From Egypt, Middle Egypt, Amarna (Akhetaten), Petrie/Carter excavations, 1891–92
H. 35 cm (13 3/4 in.), w. 23.4 cm (9 3/16 in.); d. 4.9 cm (1 15/16 in.)
Purchase, Fletcher Fund and The Guide Foundation Inc. Gift, 1966
On view at The Met Fifth Avenue in Gallery 122
The slanting slitted eye, heavy everted lips, and drooping chin here recognizably signify the pharaoh Akhenaten.
This piece is a 'sculptor's model' from Amarna. Such models are roughly rectangular slabs of stone on which the representation is theorized to be a master's model for his assistants to follow while decorating a wall with relief or, alternatively, an apprentice's study piece. At least in some instances, however, such pieces may have been intended or served secondarily as donations. For instance, one such relief found in the Great Temple of the Aton at Amarna shows a kneeling figure on the reverse side of a royal representation.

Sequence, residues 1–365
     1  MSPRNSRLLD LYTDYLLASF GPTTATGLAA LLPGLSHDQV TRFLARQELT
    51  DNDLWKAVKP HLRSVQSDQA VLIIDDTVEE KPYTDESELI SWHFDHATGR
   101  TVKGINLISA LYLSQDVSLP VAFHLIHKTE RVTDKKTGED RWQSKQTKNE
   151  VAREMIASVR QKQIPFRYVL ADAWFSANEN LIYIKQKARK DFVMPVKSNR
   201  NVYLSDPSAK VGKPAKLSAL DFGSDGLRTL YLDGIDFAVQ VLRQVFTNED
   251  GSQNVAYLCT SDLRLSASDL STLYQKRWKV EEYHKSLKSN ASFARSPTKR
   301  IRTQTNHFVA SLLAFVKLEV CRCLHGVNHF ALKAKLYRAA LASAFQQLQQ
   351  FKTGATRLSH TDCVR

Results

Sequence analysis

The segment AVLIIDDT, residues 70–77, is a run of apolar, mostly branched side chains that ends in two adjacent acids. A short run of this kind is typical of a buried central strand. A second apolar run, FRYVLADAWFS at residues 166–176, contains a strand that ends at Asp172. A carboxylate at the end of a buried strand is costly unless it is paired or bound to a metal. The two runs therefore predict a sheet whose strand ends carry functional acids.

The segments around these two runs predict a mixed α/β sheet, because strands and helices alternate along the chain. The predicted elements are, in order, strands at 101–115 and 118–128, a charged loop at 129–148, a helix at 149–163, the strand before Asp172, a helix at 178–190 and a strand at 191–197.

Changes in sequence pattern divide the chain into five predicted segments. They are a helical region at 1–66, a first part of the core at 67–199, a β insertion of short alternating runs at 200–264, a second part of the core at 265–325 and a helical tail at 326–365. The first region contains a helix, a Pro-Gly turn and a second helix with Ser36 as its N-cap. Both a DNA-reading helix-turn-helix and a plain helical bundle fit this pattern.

The king's image appears to be unfinished, lacking characteristic furrows and lines and the royal uraeus.
Excavated by Petrie at Amarna 1891-1892. Acquired by Petrie and Lord Amherst in the division of finds. Sold at the Amherst Sale, London, June 1921, lot 847. Purchased by Kalebjian at Amherst sale and sold to a French collector who sold to Joseph Brummer, ca. 1939. Acquired by Albert Gallatin from executors of the estate of Joseph Brummer ("Joseph Brummer Gallery"), October 1947. Gallatin Collection purchased by the Metropolitan Museum from Mr. Gallatin's estate, 1966.